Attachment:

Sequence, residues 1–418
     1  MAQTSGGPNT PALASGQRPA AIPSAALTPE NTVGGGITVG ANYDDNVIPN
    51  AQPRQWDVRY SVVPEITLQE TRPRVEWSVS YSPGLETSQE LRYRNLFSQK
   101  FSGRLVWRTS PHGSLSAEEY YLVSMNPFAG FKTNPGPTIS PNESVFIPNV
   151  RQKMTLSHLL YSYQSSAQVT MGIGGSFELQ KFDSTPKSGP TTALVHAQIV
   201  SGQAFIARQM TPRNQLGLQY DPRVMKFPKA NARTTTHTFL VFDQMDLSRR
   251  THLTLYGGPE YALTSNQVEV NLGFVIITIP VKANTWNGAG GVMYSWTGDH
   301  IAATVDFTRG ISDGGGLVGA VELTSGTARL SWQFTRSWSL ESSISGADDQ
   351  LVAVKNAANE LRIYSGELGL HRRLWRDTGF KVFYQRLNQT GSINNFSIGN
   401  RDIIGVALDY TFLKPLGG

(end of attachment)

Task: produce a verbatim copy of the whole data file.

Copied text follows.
Sequence, residues 1–418
     1  MAQTSGGPNT PALASGQRPA AIPSAALTPE NTVGGGITVG ANYDDNVIPN
    51  AQPRQWDVRY SVVPEITLQE TRPRVEWSVS YSPGLETSQE LRYRNLFSQK
   101  FSGRLVWRTS PHGSLSAEEY YLVSMNPFAG FKTNPGPTIS PNESVFIPNV
   151  RQKMTLSHLL YSYQSSAQVT MGIGGSFELQ KFDSTPKSGP TTALVHAQIV
   201  SGQAFIARQM TPRNQLGLQY DPRVMKFPKA NARTTTHTFL VFDQMDLSRR
   251  THLTLYGGPE YALTSNQVEV NLGFVIITIP VKANTWNGAG GVMYSWTGDH
   301  IAATVDFTRG ISDGGGLVGA VELTSGTARL SWQFTRSWSL ESSISGADDQ
   351  LVAVKNAANE LRIYSGELGL HRRLWRDTGF KVFYQRLNQT GSINNFSIGN
   401  RDIIGVALDY TFLKPLGG